- Tariff headlines versus implementation. While trade headlines have garnered a lot of attention, and roiled markets in some instances, it’s important to reiterate that neither side wants a trade war. The tit-for-tat we’ve seen over the past few months may be more aptly viewed as the U.S. and China feeling each other out to better understand the other’s pain points as they (hopefully) progress towards a more mutually beneficial relationship as major trading partners. Looking back at some of the recent back-and-forth may help put the most recent $200 billion announcement into perspective. But first it’s important to remember that there’s typically ~60 days from the announcement to imposition of the tariffs, intentionally leaving time for reaction, negotiation, and adjustment. In March, it started with import taxes on steel and aluminum, with no stated target value, before targeting sanctions on one of China’s largest telecom firms on national security grounds; then Treasury Secretary Mnuchin announced the “trade war” was on hold late last month as negotiations continued and China agreed to buy “significantly more” from the U.S. Importantly, these jabs are not intended to be knock-out punches, and though the dollar value of the latest announcement is higher than previous iterations, it’s still small relative to the size of the economies in question.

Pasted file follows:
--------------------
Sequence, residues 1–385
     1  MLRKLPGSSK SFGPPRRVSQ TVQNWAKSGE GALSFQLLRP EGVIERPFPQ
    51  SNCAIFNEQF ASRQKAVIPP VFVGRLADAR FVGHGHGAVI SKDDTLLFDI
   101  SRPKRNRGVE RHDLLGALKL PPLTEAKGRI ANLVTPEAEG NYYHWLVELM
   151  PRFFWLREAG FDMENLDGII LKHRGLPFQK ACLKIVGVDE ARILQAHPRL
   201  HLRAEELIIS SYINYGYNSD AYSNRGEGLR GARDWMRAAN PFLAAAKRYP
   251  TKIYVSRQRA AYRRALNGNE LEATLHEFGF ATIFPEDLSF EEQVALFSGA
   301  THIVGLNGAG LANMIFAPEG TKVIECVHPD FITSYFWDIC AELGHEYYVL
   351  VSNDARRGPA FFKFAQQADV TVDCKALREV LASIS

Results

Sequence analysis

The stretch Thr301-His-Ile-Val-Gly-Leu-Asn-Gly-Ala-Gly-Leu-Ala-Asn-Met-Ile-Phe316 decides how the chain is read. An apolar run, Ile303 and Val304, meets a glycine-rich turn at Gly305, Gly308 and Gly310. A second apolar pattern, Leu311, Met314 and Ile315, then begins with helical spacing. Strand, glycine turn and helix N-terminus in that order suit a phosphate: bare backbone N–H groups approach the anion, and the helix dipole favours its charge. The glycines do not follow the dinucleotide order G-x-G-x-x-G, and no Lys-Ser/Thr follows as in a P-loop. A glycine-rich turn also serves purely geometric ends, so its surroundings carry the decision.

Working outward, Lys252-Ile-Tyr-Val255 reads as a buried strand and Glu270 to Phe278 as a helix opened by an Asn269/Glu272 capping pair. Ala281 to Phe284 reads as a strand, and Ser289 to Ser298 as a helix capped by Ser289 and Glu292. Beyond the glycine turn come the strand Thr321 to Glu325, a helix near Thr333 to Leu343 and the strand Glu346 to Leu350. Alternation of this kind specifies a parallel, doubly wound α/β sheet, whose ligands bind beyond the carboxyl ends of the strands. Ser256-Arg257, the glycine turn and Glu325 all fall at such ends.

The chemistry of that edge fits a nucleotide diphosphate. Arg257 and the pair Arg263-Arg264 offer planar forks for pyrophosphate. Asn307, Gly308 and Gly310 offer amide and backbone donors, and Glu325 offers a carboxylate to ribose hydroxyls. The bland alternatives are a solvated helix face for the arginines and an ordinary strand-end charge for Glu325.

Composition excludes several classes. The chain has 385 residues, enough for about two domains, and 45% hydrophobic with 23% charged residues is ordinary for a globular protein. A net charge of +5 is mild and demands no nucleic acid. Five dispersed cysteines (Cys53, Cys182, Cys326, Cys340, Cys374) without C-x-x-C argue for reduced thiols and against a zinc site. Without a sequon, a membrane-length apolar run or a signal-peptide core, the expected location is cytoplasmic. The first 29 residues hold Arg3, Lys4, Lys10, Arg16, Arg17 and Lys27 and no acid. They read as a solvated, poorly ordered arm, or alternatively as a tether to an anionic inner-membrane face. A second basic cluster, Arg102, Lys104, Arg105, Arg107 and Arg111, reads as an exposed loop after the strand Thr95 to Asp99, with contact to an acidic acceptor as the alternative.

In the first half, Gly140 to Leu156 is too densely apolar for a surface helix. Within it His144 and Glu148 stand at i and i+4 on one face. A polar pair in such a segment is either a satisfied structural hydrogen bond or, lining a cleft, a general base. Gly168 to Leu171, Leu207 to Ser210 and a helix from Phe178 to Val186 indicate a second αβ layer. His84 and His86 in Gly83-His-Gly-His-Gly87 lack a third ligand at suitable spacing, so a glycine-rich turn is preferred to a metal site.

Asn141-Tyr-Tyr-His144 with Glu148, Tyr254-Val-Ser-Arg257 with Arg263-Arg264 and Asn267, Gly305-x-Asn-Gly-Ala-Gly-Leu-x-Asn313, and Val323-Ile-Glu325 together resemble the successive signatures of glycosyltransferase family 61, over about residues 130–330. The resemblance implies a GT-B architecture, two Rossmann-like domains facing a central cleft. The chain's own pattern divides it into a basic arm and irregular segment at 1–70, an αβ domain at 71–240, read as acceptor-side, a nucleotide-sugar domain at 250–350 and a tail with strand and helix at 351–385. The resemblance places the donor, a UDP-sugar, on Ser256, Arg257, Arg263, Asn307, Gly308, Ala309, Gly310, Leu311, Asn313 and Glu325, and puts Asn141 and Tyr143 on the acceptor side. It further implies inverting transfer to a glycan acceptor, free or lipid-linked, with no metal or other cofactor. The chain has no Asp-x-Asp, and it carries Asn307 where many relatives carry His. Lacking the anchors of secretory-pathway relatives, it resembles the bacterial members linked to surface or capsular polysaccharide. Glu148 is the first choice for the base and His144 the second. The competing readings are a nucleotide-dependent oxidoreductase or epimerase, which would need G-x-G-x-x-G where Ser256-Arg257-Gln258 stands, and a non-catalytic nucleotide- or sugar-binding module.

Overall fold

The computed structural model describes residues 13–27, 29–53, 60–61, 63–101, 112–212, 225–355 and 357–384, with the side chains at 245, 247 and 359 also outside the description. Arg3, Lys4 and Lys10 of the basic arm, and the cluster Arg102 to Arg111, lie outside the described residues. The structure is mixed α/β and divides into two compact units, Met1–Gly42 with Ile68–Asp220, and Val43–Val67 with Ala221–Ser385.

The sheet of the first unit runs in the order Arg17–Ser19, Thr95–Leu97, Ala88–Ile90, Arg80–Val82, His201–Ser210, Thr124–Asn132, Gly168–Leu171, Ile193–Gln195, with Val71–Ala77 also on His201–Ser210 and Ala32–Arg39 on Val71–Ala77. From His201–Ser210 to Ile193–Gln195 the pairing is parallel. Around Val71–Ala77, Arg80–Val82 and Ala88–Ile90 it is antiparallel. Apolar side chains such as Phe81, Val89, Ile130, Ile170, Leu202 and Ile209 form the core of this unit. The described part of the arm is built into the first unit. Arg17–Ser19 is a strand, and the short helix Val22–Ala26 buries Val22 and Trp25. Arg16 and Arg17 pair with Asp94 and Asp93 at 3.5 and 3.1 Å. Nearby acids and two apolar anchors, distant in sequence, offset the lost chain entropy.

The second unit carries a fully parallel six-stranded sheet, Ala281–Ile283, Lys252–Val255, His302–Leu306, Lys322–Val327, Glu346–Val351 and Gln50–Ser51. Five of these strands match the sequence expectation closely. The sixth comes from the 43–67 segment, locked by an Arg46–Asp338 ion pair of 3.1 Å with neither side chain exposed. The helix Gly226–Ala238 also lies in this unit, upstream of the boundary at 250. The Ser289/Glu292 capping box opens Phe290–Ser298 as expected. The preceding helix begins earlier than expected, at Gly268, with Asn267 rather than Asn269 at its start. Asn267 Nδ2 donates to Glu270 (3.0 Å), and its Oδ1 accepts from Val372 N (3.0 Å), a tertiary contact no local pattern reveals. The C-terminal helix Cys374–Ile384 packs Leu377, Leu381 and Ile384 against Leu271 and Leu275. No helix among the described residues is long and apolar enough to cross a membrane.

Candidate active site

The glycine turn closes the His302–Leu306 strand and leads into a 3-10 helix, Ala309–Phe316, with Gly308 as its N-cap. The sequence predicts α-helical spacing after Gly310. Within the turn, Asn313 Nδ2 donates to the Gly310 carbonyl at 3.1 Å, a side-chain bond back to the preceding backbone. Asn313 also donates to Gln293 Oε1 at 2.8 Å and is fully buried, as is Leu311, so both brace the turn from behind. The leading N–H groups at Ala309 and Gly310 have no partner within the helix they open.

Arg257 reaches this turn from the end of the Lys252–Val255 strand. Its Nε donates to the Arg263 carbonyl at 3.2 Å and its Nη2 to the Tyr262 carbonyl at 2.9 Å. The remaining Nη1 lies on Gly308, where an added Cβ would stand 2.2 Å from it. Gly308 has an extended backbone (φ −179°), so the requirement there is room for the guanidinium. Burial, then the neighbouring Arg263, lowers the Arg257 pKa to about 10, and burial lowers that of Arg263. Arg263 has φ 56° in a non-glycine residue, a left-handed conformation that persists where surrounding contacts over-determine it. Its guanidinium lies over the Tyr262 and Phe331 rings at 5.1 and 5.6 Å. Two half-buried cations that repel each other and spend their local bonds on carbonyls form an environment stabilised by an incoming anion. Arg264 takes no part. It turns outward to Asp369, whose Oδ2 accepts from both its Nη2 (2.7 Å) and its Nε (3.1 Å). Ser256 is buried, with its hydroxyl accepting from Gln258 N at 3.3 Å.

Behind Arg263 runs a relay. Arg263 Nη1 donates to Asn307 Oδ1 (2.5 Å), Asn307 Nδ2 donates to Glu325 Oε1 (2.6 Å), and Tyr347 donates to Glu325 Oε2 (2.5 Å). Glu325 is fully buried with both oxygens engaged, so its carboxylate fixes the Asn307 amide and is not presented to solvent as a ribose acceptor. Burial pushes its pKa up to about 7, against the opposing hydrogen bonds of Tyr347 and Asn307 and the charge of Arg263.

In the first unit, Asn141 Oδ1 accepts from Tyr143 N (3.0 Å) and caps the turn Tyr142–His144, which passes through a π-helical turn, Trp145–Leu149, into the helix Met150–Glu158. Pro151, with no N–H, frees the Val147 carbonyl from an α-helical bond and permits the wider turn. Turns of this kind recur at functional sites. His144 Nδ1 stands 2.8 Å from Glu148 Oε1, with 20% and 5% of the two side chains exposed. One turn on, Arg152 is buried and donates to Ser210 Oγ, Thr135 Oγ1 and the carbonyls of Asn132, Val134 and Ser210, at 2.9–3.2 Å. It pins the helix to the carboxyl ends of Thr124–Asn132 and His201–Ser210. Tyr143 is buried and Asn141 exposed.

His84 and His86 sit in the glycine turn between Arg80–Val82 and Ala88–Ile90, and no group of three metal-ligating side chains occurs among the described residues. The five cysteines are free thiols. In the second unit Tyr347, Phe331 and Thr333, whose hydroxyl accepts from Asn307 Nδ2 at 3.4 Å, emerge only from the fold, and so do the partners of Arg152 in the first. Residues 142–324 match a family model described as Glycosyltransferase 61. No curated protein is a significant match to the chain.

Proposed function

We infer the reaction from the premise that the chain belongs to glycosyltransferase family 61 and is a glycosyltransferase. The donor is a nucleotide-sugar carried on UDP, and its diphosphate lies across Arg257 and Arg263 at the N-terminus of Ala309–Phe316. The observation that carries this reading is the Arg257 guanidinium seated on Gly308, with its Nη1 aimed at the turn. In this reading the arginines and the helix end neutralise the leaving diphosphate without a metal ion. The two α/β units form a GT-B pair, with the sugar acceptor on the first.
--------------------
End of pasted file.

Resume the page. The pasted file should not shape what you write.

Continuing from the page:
- Global central banks back in focus. After global central bankapalooza last week, discussed in our latest Bond Market Perspectives publication, today Jay Powell, Mario Draghi and Haruhiko Kuroda are taking part in an ECB-sponsored policy panel in Portugal. The themes are prices and wage-setting but investors will be watching for any hints on Powell’s commitment to four Federal Reserve rate hikes this year, insight into the flexibility of Draghi’s plan to wind down stimulus (the so-called “dovish taper”), and Kuroda’s views on whether Japan can sustain higher inflation. Given the impact of tariffs on prices, global trade tensions will surely come up.
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